The Best of Everything
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"At Last, I'm Finally Living the Life I Want!"
"I have become very greedy," Joan Crawford says, "about my privacy. I've been pulled and tugged all my life. I'm not complaining, it has been a wonderful life. But now, finally, I feel I have earned the right to make my life what I want it to be. I don't expect people to understand. I spent all the holidays alone this past year -- Thanksgiving, Christmas, New Year. Everybody said, 'Why?' I said, 'Because that is the way I want it.' Those are three days when the phone doesn't ring so much and I can escape the pressure. I used those days to take inventory of myself, and to decide to make changes. As a result, I feel glorious. Just glorious." She smiled as she speaks, and she does look glorious. She is wearing no makeup, her graying hair is brushed back casually from her forehead, and she is dressed in a simple striped robe -- a modified caftan, perhaps -- and the kind of thonged flip-flops you might buy in any drugstore. And yet it is possible to see in her the legendary Joan Crawford of so many memorable movies -- the tall, erect beauty whose carriage and clothes and makeup set the style for two decades. Without giving it a thought or calculating a gesture. Joan still radiates stardom in the way an empress radiates royalty. She is Hollywood.
We are in Joan's Manhattan apartment. She recently moved from a palatial 11 rooms to four rooms that are merely magnificent. "I simply couldn't afford that vast a place anymore," she tells me simply, and when I ask her if I can print that, she looks surprised. "Of course you can. The economy affects me the way it affects everyone else -- why not?"
Joan's new apartment -- like its predecessor -- glows like a summer garden. Green. White. Gold. Flowers -- real and china -- are everywhere. Masses of living bamboo plants. A great yellow dining tabel in one room, a smaller yellow table that serves as a desk in another. Paintings that seem to burst off the walls in explosions of color and light. Despite the profusion of objects and furniture, there is a sense of orderliness and neatness.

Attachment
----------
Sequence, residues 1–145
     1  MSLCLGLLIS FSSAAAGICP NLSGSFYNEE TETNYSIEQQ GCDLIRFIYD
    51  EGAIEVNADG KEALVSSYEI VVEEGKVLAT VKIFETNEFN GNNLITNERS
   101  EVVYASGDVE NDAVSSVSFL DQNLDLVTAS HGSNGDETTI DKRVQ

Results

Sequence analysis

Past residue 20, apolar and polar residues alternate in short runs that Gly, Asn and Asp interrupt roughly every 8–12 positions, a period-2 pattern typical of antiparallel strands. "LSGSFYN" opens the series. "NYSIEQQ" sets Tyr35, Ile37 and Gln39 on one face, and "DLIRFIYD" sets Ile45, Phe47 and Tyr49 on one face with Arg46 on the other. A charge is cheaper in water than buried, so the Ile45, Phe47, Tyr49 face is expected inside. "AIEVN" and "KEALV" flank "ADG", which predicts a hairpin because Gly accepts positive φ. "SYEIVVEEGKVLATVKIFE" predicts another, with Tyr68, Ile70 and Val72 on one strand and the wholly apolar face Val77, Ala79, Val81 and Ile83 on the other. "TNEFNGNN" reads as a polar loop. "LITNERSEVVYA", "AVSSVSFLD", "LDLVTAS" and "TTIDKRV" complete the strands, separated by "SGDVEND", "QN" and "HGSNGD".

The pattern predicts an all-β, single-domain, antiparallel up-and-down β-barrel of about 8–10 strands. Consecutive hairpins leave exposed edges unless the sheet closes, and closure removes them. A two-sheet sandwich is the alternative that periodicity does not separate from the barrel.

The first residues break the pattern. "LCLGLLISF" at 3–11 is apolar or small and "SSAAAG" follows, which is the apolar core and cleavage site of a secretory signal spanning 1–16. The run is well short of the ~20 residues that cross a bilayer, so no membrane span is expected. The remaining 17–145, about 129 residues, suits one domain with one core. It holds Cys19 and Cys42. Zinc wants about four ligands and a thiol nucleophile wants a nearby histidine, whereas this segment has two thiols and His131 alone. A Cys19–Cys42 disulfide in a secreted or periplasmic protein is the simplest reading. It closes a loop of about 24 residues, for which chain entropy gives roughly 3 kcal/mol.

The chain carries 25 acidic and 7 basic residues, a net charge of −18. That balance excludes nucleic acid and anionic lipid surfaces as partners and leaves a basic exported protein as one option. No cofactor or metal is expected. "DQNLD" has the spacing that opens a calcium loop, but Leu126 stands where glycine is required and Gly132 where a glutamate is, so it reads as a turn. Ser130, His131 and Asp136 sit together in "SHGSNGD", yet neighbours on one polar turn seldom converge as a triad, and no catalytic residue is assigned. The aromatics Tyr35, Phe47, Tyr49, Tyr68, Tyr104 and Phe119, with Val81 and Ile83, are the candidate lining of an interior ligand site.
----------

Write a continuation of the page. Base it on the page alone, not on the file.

Joan is a scrubber of kitchen counters, a picker-up or microscopic bits of lint. Everything is immaculate. To Joan, a clean home is the outward and visible form of an inner and spiritual discipline. Her daily chores around the house are things Joan has done since her childhood, things that give her satisfaction.
But her childhood consisted largely of struggling through endless chores. Coming from a repeatedly broken home, she was sent at the age of nine to work her way through boarding school by "helping out" in return for lessons. However, her cooking, cleaning and child-caring chores left no time for classes, and when, in her teens, she escaped, she was totally without education, social graces or childhood experience. In fact, she had nothing but talent, beauty and a soaring desire to make something of herself. The elegant gentlewoman she has become is the product of that inner discipline she has never ceased to apply. The new life she is beginning to fashion for herself does not involve slacking off or taking things easy. I asked her to describe an average day.